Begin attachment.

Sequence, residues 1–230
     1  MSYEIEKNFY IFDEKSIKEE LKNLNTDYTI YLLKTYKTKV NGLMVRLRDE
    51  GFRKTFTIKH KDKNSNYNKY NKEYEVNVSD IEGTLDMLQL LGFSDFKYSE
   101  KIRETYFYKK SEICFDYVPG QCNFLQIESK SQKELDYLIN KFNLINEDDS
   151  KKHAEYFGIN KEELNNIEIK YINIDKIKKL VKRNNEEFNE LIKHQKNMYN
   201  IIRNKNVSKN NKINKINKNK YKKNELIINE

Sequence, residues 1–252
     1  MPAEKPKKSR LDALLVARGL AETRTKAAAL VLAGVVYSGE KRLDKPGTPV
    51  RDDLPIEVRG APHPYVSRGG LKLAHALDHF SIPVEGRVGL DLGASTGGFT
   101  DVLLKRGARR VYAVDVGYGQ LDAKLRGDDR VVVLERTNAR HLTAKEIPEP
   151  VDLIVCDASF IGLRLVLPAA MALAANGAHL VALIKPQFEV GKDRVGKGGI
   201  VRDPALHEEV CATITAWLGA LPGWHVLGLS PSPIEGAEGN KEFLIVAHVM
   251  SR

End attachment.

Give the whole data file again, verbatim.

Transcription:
Sequence, residues 1–230
     1  MSYEIEKNFY IFDEKSIKEE LKNLNTDYTI YLLKTYKTKV NGLMVRLRDE
    51  GFRKTFTIKH KDKNSNYNKY NKEYEVNVSD IEGTLDMLQL LGFSDFKYSE
   101  KIRETYFYKK SEICFDYVPG QCNFLQIESK SQKELDYLIN KFNLINEDDS
   151  KKHAEYFGIN KEELNNIEIK YINIDKIKKL VKRNNEEFNE LIKHQKNMYN
   201  IIRNKNVSKN NKINKINKNK YKKNELIINE

Sequence, residues 1–252
     1  MPAEKPKKSR LDALLVARGL AETRTKAAAL VLAGVVYSGE KRLDKPGTPV
    51  RDDLPIEVRG APHPYVSRGG LKLAHALDHF SIPVEGRVGL DLGASTGGFT
   101  DVLLKRGARR VYAVDVGYGQ LDAKLRGDDR VVVLERTNAR HLTAKEIPEP
   151  VDLIVCDASF IGLRLVLPAA MALAANGAHL VALIKPQFEV GKDRVGKGGI
   201  VRDPALHEEV CATITAWLGA LPGWHVLGLS PSPIEGAEGN KEFLIVAHVM
   251  SR